Read the report.
Washington, D.C. – Expanding the use of apprenticeships—highly effective training models—can help our nation meet the demand for skilled workers, create pathways to well-paying careers for unemployed young workers, and give American businesses a competitive edge in the global marketplace, according to a new report released today by the Center for American Progress. The report, titled “Training for Success: A Policy to Expand Apprenticeships in the United States“ takes a close look at America’s inadequate workforce training system and proposes drastically expanding the use of apprenticeships as a time-tested solution to this challenge.
“Apprenticeships are a win-win for businesses and workers alike. The apprenticeship model is incredibly flexible and can fit almost any industry,” said Ben Olinsky, co-author of the report and Senior Fellow at CAP. “Expanding access to these highly effective job training programs will better prepare the American workforce force to compete globally and strengthen our economy here at home.”
Apprenticeships—jobs in which an individual is paid to learn a set of skills through on-the-job training—have been shown to boost workers’ lifetime earnings and benefits by $300,000 and yield significant returns on investment for the businesses that sponsor them. That’s why many countries rely on them as a central component of their workforce training system. With about 358,000 apprentices in 2012, the United States had only 7 percent of the number of apprenticeships in England when adjusted for population size.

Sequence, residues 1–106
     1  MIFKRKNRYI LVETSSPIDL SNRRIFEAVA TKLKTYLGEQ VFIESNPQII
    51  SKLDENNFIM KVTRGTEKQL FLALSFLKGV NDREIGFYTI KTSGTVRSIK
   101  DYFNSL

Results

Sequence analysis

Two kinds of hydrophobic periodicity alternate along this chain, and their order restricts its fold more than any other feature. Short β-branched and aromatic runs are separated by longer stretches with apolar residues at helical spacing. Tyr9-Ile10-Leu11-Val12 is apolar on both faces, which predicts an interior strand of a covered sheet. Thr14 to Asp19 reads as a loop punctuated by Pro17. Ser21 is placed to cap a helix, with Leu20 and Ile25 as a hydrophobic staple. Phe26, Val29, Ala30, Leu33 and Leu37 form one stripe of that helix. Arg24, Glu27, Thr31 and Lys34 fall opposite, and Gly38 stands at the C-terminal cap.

Expanding the U.S. apprenticeship system would help strengthen the nation’s economy, as research shows that the United States is not producing enough skilled workers to meet our future economic needs. By 2020, America is projected to experience a shortage of 3 million workers with associate’s degrees or higher and 5 million workers with technical certificates and credentials. Compounding our inadequate workforce development system, research shows that employers are now spending less time on training than they have in the past. Apprenticeships can help meet the demand from businesses, while offering workers higher wages and better employment outcomes.
In the report, authors Ben Olinsky and Sarah Ayers take a close look at South Carolina, which has increased its employer participation by 570 percent over the past six years largely by focusing on improving marketing to businesses. Building on that successful approach, Olinsky and Ayers propose a robust set of policies to rapidly expand apprenticeships nationally, including actions that require congressional action, those that could be implemented administratively by the president, and those that could be undertaken by states and the private sector. Recommendations include:
- Improvements to marketing efforts to generate demand from businesses
- Tax incentives to help businesses defray the cost of training apprenticeships
- Competitive grants to support promising public-private partnerships seeking to expand apprenticeships
- Improving access to workers by establishing an online database of openings and launching an initiative to bring recent high school graduates into apprenticeships
- Improvements to research and data collection that will enhance our understanding of the economic benefits of apprenticeships and how to expand their reach to women and workers in nontraditional occupations
“Apprenticeships offer high school graduates a pathway to well-paying middle class jobs that does not require a four-year degree,” said Sarah Ayers, co-author of the report and Policy Analyst at CAP. “This is especially important today, as young people face skyrocketing college costs and record-high student-debt levels.”
Read the report: Training for Success: A Policy to Expand Apprenticeships in the United States by Ben Olinsky and Sarah Ayers
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